Respondent Judge should be reminded that assumption of the judicial office casts upon him duties and restrictions peculiar to his position. He is expected to act within the demands of his exalted position. A judge should always be the embodiment of competence, integrity and independence and should administer justice impartially and without delay. He should be faithful to the law and maintain professional competence, dispose of the courts business promptly, and decide cases within the required periods.5 (Citation omitted)
x x x
In failing to decide the cases subject of the complaint within the prescribed period, respondent judge has violated Canon 1, Rule 1.02 of the Code of Judicial Conduct which provides that A Judge should administer justice impartially and without delay.6 (Citation omitted)
The OCA recommends
that respondent be fined in the amount of
This Courts Ruling
We agree with the recommendation of the Office of the Court Administrator.
Speedy Resolution of Cases
Respondent admits that he failed to decide the aforementioned cases within the three-month period prescribed by the Constitution.7 For this reason, he should be administratively sanctioned.
Indeed, judges are mandated to dispose of the courts business promptly and decide cases within the required period.8 Accordingly, they have been consistently reminded that delay in the disposition of cases ordinarily constitutes gross inefficiency and, as such, is deemed inexcusable.9 However, should the resolution of a case within the reglementary period prove to be unlikely, they may ask this Court for a reasonable extension of time to prepare a decision.10 In the present case, respondent judge never asked for extension, for he forgot that the cases were pending.
As respondent himself admits, the charge against him cannot be justified by the claims that transcripts of stenographic notes (TSN) were not immediately transmitted to him, and that he totally forgot the cases after he was transferred to other stations.
Judges are required to take down notes and to proceed in the preparation of decisions, even without the TSNs. The Court has held that the three-month reglementary period continues to run, with or without them.11 Thus, their absence or the delay in their transcription cannot excuse respondent judges failure to decide the cases within the prescribed period.
Further, respondent was remiss in his duty to adopt a system of record management, as evidenced by the loss of the records of the cases. Worse, he did not even endeavor to locate the missing documents. In fact, he totally forgot about the pending cases, until he accidentally came across them. In this light, members of the bench are reminded that they are required to organize their courts so as to bolster the prompt and efficient dispatch of business.12 In Office of the Court Administrator v. Villanueva, we ruled:
A judge xxx is expected to keep his own record of cases so that he may act on them promptly without undue delay. It is incumbent upon him to devise an efficient recording and filing system in his court so that no disorderliness can affect the flow of cases and their speedy disposition. x x x Proper and efficient court management is as much his responsibility. He is the one directly responsible for the proper discharge of his official functions.13cräläwvirtualibräry
adopt the recommendation of the OCA that respondent judge be fined
In Celino v. Abrogar,14 the Court imposed the same fine to
the respondent, who failed to decide a civil case within the three-month
WHEREFORE, Judge Angel V. Colet is found GUILTY
of gross inefficiency and is hereby ordered to PAY a fine of ten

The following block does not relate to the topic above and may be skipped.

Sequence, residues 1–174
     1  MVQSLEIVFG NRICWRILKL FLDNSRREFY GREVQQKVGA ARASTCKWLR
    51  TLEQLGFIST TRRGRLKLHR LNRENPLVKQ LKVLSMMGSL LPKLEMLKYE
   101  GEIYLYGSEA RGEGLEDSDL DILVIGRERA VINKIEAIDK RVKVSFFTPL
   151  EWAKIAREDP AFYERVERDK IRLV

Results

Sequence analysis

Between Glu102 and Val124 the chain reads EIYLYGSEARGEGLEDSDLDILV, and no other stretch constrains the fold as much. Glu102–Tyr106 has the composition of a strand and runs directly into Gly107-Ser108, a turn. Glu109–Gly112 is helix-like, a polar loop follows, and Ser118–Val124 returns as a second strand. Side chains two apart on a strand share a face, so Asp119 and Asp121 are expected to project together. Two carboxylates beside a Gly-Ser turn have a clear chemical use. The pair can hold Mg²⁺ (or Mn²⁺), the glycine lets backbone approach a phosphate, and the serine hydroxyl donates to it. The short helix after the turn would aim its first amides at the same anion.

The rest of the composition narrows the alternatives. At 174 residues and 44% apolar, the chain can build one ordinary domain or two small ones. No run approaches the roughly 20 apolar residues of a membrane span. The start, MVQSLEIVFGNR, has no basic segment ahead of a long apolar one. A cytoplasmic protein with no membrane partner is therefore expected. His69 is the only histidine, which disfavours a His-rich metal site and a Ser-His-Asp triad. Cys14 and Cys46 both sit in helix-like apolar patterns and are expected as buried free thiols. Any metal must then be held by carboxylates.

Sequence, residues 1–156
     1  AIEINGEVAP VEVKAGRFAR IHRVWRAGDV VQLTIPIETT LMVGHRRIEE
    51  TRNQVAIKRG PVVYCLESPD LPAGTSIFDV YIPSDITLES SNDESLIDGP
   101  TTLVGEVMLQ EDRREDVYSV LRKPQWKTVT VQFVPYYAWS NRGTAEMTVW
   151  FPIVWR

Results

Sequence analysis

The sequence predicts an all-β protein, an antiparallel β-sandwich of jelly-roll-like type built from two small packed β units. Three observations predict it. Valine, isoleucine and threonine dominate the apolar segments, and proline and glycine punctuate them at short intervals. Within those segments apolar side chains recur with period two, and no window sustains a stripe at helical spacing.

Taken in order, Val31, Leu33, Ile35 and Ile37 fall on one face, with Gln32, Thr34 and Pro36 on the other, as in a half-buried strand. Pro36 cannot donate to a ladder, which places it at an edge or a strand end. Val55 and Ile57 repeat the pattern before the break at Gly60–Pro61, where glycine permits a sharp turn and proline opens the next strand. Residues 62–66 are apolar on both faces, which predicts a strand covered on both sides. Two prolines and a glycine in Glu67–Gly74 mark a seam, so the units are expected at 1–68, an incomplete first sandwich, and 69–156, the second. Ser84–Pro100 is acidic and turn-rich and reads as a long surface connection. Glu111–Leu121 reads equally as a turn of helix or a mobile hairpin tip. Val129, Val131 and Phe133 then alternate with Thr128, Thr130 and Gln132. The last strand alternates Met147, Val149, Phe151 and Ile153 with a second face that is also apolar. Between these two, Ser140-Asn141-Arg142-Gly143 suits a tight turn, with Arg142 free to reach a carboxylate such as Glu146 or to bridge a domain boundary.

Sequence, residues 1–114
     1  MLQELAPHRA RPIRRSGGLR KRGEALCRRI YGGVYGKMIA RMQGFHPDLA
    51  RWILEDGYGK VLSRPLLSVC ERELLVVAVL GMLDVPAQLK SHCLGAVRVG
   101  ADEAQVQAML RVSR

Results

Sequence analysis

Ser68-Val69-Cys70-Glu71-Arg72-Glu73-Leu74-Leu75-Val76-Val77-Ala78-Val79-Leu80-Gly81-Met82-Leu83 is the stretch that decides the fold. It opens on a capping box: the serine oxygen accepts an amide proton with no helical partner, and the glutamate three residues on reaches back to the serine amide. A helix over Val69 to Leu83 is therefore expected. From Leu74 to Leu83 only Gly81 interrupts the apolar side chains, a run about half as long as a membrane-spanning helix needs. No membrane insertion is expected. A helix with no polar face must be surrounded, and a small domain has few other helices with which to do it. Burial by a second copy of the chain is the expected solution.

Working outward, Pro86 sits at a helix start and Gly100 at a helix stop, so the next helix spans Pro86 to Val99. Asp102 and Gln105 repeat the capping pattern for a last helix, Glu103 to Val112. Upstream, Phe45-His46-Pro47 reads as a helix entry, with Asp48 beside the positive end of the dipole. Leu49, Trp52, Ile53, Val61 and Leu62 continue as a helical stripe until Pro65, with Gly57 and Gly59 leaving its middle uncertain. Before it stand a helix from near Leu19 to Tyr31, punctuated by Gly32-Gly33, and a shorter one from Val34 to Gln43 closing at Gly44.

thousand pesos (
He is WARNED
that a repetition of the same or similar acts shall be dealt with more
Let a copy of this Decision
be attached to his personal records.
Romero, (Chairman), Vitug, Purisima, and Gonzaga-Reyes, JJ., concur.
1 Rollo, pp. 1-2.
2 Rollo, p. 2.
3 Rollo, pp. 5-6.
4 Rollo, pp. 4-5.
5 Report, pp. 2-3; Rollo, pp. 14-15.
6 Ibid., pp. 3-4; Rollo, pp. 15-16.
7 Section 15, Article VIII of the 1987 Constitution.
8 Rule 3.05, Canon 3, Code of Judicial Conduct.
9 Office of the Court Administrator v. RTC Judge Amelita D.R. Benedicto, AM No. 96-5-176-RTC, September 25, 1998; Report on the Judicial Audit Conducted in the Regional Trial Court, Branch 27, Lapu-Lapu City, Presided over by Judge Teodoro K. Risos, AM No. 97-9-282-RTC, April 22, 1998; Lambino v. De Vera, 275 SCRA 60, 64, July 7, 1997; Re: Report on the Judicial Audit Conducted in the Regional Trial Court Branches 61, 134 and 147, Makati, Metro Manila, 248 SCRA 5, 22, September 5, 1995; Asinas Jr. v. Trinidad, 242 SCRA 710, March 27, 1995; Re: Judge Liberato C. Cortez, 242 SCRA 167, March 7, 1995; Alfonso-Cortes v. Maglalang, 227 SCRA 482, 487, November 8, 1993; Sabado v. Cajigal, 219 SCRA 800, March 12, 1993.
10 Report on the Judicial Audit Conducted in the Regional Trial Court, Branch 27, Lapu-Lapu City, Presided over by Judge Teodoro K. Risos, AM No. 97-9-282-RTC, April 22, 1998; Report on the Judicial Audit Conducted in the Municipal Trial Court of Sibulan, Negros Oriental, 282 SCRA 463, December 5, 1997; Re: Report of Justice Felipe B. Kalalo, 282 SCRA 61, 74, November 18, 1997; Lambino v. De Vera, 275 SCRA 60, 64, July 7, 1997; Bolalin v. Occiano, 266 SCRA 203, 208, January 14, 1997; Re: Judge Fernando P. Agdamag, 254 SCRA 644, 650-651, March 13, 1996; Mappala v. Nunez, 240 SCRA 600, January 26, 1995; Cruz v. Basa, 218 SCRA 551, 557, February 9, 1993.
11 Office of the Court Administrator v. Judge Walerico B. Butalid, AM No. RTJ-96-1337, August 5, 1998; Report on the Judicial Audit Conducted in the Regional Trial Court, Branch 27, Lapu-Lapu City, Presided over by Judge Teodoro K. Risos, AM No. 97-9-282-RTC, April 22, 1998; Re: Judge Danilo M. Tenerife, 255 SCRA 184, March 20, 1996; Re: Report on the Judicial Audit Conducted in the Regional Trial Court (Branches, 61, 134 and 147) Makati, Metro Manila, 248 SCRA 5, 23, September 5, 1995; Celino v. Abrogar, 245 SCRA 304, 309, June 27, 1995.
12 Paragraph 8 of Canons of Judicial Ethics.
13 279 SCRA 267, 273, September 18, 1997, per Melo, J.; citing Agcaoili v. Ramos, 229 SCRA 705, 710. See also Office of the Court Administrator v. RTC Judge Amelita D.R. Benedicto, AM No. 96-176-RTC, September 25,1998 and Mamamayan ng Zapote 1, Bacoor, Cavite v. Balderian, 265 SCRA 360, December 6, 1996; Celino v. Abrogar, 245 SCRA 304, June 27, 1995.
1414 245 SCRA 304, June 27, 1995.
15 See also Re: Report on the Judicial Audit Conducted in the Municipal Circuit Trial Court, Dingle-Duenas, Iloilo, 280 SCRA 637, October 16, 1997; Re: Report on Audit and Physical Inventory of the Records of Cases in the MTC of Pearanda, Nueva Ecija, 276 SCRA 257, July 28, 1997; Re: Judge Danilo M. Tenerife, 255 SCRA 184, March 20, 1996; Lopez v. Alon, 254 SCRA 166, February 28, 1996.